The so-called “prime bank” scheme, a style of Ponzi scheme, used proceeds from new investors to pay off old ones and allegedly operated since at least 2004, the SEC said in the complaint.
Alexander, who also went by the name Linda and now lives in Carlsbad, Calif., allegedly told investors to ignore the old saw that something too good to be true probably is, calling it “”A lie that came from the pit of hell.”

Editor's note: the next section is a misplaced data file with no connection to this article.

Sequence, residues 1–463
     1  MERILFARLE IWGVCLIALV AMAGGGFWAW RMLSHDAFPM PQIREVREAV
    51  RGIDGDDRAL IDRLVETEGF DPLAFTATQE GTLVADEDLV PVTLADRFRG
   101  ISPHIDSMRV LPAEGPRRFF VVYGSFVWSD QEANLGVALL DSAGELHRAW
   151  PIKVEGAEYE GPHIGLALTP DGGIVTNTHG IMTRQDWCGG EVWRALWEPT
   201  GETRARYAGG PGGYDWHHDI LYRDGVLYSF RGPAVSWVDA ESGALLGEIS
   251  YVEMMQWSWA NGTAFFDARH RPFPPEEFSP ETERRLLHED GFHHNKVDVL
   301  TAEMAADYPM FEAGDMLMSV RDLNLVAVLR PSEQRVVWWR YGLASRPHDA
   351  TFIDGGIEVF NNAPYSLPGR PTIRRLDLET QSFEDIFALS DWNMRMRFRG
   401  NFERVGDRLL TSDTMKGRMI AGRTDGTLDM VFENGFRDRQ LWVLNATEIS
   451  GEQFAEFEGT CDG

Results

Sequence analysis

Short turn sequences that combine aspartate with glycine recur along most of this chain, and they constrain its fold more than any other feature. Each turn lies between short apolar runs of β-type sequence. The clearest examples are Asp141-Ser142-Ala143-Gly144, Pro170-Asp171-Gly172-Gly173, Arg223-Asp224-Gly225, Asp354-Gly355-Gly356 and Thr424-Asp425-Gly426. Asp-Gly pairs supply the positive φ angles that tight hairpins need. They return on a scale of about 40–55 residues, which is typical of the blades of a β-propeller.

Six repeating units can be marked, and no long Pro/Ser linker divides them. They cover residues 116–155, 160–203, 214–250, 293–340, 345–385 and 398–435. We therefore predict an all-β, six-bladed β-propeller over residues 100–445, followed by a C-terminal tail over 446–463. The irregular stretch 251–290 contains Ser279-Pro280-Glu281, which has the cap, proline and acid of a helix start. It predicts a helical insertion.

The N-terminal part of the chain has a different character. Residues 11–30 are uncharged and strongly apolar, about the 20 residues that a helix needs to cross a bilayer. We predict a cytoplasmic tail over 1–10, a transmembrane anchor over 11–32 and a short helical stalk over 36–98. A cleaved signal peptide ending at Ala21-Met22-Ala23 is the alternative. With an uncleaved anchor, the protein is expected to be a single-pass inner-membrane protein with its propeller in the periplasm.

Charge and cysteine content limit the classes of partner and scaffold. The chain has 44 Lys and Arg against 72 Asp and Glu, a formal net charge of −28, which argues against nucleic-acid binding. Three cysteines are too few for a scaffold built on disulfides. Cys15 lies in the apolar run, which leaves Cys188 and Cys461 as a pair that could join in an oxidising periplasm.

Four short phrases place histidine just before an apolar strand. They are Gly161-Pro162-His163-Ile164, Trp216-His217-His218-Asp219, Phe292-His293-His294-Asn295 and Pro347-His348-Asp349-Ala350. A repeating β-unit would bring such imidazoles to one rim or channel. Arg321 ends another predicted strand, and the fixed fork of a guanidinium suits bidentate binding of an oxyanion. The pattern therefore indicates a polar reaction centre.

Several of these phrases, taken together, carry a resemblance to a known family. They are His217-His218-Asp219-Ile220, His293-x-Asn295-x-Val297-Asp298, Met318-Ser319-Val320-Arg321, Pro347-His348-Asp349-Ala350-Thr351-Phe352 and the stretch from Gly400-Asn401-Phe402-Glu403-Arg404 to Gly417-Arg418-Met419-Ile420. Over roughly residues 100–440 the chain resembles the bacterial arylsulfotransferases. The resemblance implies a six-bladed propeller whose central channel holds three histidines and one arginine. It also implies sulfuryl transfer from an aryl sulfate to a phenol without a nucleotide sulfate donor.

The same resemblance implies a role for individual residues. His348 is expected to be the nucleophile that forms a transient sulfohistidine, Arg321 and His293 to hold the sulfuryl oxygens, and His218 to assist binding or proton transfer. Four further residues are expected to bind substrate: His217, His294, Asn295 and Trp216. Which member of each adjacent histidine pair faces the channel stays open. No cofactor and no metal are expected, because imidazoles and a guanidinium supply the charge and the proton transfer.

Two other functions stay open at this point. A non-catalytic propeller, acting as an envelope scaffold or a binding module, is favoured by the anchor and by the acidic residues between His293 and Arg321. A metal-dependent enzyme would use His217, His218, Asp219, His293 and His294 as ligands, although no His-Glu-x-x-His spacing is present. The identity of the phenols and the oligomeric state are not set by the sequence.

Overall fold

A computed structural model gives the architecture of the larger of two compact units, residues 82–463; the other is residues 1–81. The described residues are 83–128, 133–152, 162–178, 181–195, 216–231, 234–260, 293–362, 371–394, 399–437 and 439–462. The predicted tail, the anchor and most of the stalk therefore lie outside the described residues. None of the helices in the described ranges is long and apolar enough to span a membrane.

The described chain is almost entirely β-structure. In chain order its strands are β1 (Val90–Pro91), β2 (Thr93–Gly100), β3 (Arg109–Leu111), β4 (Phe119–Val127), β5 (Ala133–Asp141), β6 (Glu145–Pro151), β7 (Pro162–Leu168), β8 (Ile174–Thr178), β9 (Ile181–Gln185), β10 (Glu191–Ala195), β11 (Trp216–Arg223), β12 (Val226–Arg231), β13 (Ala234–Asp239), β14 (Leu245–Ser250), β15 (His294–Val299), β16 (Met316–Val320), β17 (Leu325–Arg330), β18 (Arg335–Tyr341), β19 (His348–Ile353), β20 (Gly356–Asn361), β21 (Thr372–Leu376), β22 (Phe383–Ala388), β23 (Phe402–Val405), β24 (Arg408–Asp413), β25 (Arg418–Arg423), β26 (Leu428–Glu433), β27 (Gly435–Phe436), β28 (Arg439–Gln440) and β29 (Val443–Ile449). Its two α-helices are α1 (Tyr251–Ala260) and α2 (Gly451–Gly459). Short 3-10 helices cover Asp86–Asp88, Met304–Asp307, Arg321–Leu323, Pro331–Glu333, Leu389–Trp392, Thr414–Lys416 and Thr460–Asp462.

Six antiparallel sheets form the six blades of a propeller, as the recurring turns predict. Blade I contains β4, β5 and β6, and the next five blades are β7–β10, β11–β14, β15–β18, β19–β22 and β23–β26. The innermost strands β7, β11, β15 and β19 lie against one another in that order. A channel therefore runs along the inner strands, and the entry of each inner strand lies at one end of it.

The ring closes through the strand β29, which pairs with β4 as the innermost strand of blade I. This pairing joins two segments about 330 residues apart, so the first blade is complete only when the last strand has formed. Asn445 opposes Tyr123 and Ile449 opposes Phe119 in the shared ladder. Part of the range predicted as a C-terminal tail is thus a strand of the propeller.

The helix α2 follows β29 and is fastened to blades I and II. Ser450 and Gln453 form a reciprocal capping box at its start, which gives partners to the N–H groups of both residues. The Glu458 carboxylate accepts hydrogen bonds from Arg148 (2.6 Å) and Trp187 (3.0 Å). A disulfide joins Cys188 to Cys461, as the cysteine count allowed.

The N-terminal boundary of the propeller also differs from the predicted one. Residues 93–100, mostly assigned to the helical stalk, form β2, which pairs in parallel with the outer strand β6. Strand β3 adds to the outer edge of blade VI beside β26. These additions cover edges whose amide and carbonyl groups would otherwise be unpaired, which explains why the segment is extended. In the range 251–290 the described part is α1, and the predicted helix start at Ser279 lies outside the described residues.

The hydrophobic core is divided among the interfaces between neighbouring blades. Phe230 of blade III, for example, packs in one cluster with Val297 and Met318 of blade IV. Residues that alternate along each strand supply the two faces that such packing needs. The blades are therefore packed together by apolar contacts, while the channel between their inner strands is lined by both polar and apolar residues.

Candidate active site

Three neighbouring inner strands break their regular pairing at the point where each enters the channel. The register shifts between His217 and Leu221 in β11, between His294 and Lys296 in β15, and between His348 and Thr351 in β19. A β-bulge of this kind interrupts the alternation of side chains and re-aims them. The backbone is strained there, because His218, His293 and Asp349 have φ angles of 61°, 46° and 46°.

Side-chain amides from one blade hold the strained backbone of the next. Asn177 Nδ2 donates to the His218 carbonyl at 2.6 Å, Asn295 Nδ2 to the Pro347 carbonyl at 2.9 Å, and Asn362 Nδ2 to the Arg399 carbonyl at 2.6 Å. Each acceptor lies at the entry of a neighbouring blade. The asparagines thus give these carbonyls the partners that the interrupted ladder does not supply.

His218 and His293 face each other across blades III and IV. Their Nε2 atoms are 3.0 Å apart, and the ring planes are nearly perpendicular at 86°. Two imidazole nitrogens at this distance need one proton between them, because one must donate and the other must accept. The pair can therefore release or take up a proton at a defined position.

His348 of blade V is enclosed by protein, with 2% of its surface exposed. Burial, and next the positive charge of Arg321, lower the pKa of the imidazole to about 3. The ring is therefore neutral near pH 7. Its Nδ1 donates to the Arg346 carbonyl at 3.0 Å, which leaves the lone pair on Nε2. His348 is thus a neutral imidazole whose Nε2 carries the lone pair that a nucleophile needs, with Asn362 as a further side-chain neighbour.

The suit claims Alexander told investors: “Put your money in the Trust and your trust in God.”
The SEC said Alexander and McClintock told investors they were making loans to “the Trust,” and could expect 38 percent annual returns if they followed secrecy rules.
The purported investment organization owned European banks and was controlled by wealthy Europeans, and only friends and family members of Trust members could know about it.
The SEC said McClintock and Alexander were friends for many years, and he recruited Alexander as an investor in the Trust and ultimately as a director.